Monday, September 30, 2019
Cultural evolution Essay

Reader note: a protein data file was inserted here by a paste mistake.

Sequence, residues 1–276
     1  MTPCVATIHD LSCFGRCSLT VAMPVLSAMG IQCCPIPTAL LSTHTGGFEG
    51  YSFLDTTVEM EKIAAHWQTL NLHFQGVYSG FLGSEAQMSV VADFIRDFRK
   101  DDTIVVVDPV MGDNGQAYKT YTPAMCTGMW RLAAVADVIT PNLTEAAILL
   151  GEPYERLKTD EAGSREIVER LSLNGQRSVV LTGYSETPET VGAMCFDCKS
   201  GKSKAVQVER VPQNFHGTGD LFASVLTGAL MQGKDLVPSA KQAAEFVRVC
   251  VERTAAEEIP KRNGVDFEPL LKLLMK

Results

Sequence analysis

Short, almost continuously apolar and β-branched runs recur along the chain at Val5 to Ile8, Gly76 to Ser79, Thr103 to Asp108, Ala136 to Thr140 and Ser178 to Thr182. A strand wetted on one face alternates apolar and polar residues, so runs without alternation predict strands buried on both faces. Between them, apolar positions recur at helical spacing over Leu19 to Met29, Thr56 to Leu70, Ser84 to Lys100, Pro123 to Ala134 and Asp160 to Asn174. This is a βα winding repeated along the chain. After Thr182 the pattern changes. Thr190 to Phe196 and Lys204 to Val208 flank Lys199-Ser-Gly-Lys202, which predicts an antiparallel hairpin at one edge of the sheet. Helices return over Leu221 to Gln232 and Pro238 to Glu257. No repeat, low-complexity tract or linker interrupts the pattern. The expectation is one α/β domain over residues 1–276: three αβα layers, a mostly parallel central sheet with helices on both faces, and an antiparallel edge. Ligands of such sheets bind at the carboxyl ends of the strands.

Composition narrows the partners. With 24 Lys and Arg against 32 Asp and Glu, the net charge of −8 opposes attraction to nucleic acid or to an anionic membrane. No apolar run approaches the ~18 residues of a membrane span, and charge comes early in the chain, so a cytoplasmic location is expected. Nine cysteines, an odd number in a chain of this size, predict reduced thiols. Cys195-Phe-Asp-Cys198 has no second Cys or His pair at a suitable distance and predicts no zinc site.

In his article Ã¢â¬Å"Where Do Social Relations Come From? Ã¢â¬ , Michael Grossetti discusses the ways that human relationships are studied by sociologists, citing that often the methodology begins by starting with the relationship ad working backward to define it (Grossetti,p. 289). The most lasting relationships are the ones that come from organizations, he concludes, especially those related to family and friends. When we related this conclusion back to cultural evolution theory, we can argue that the lasting relationships of this generation because at this point in time most relationships are forged out of organizations or via our families. However, we can clearly argue that once this may not have been true as people had longer term relationships with people in their neighborhoods and those with whom they had a physical proximity. Grossetti argues that neighborhoods do not provide a basis for lasting relationships as they do not necessarily share life values or interests which draw people together (p. 292). When discussing this assertion in relation to cultural evolution, we can argue that in the recent past, neighborhoods did share a commonality that is now missing Ã¢â¬â immigrants would tend to settle in neighborhoods, neighborhoods would be divided by racial or religious lines, or at the most tangential neighborhoods would be reflective of a certain socio-economic status. Now, according to GrossettiÃ¢â¬â¢s study, relationships have evolved to the point that people develop relationships based primarily on organizations which they belong to Ã¢â¬âchurch groups, work groups, or interest organizations. When this is combined with the use of social networks, it can be observed that people are then creating a new means to segregate themselves via their interests. People have developed a new means to identify people with like interests and create new association groups. The interesting aspect of this evolving form of meeting may be that it creates relationships among people who in previous generations may never even have met. Because social networking allows people with common interests to meet without the traditional introduction of a mutual friend, they may completely change the way relationship develop in the future, dovetailing nicely with the theory of cultural evolution.